• If you need to chat with someone personally, keep your voice audible only to the person you’re talking to. Otherwise, you might disrupt coworkers trying to concentrate on their own jobs.

When you’re considerate of others, that makes everyone happy. And happy workers are 12 percent more productive in the workplace.

 

6. Be Tactful

No one likes to be told they’re wrong/stupid/incompetent, even if they are. If you want to correct a coworker without sounding like a jerk, here’s what you should keep in mind:

  • Start off with something positive: “Thank you for your work on this! I really appreciate it.”
  • Stick to the facts: “It seems the numbers are a bit short this time around, though.”
  • Suggest a solution: “I think we can improve on this problem with that solution.”
  • Be clear about the next step: “Can you do this by that date?” or “What do you think?” or “If you have any thoughts about this, please let me know!”

When you follow these tips, you can make yourself clear to your coworker without undermining or embarrassing them. And that’s a pretty handy skill to have when you’re working with others.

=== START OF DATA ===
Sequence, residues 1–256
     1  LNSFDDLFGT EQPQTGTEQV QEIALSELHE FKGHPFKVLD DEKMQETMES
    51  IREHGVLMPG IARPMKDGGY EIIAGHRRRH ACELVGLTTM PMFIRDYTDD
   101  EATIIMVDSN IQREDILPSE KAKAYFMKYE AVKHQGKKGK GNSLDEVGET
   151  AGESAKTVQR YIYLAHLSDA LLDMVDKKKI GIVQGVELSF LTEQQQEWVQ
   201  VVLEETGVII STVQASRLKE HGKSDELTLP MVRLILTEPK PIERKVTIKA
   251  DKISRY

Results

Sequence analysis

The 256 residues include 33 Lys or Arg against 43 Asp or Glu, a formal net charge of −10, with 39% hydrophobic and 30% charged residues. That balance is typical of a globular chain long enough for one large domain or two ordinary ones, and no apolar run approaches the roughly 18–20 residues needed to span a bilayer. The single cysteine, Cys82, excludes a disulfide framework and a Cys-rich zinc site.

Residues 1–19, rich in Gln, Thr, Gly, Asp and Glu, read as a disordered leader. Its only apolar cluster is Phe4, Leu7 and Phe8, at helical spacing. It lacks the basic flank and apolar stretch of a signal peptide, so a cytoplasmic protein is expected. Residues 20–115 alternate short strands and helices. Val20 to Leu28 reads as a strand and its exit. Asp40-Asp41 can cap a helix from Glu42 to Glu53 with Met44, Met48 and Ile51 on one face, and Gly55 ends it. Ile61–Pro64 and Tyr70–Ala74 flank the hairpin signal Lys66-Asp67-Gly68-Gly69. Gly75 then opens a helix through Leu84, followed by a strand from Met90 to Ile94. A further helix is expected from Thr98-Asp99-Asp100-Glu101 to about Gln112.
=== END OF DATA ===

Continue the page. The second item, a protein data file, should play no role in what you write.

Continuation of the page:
7. Ask for Help When You Need It

Nothing makes people feel important like being needed. If you want to let someone know you value their input, ask them questions when you’re not clear about something. By doing so, you demonstrate not only humility but also a willingness to work in a team.

 

8. Be Positive and Kind, No Matter What

As they say, “Kill ’em with kindness.” You don’t know what your coworkers think or feel on any given day, so don’t make assumptions about them, especially if said assumptions are negative.

Even if your colleagues are angry, rude or a general pain to be with, it won’t do either of you any good if you decide to fight fire with fire. Instead, learn how to be empathetic, which is a vital ingredient to working well with others.

Again, know that no matter how well you understand and apply these tips, there will be one or two colleagues who won’t be too happy to have you around. Regardless, keep your chin up, do the best job you can and stay positive.

 

In the meantime, learn more about the secrets to workplace success by subscribing to the Punched Clocks newsletter and sharing your thoughts – or stories – in the comments or via social media.



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Sarah Landrum is the founder of Punched Clocks.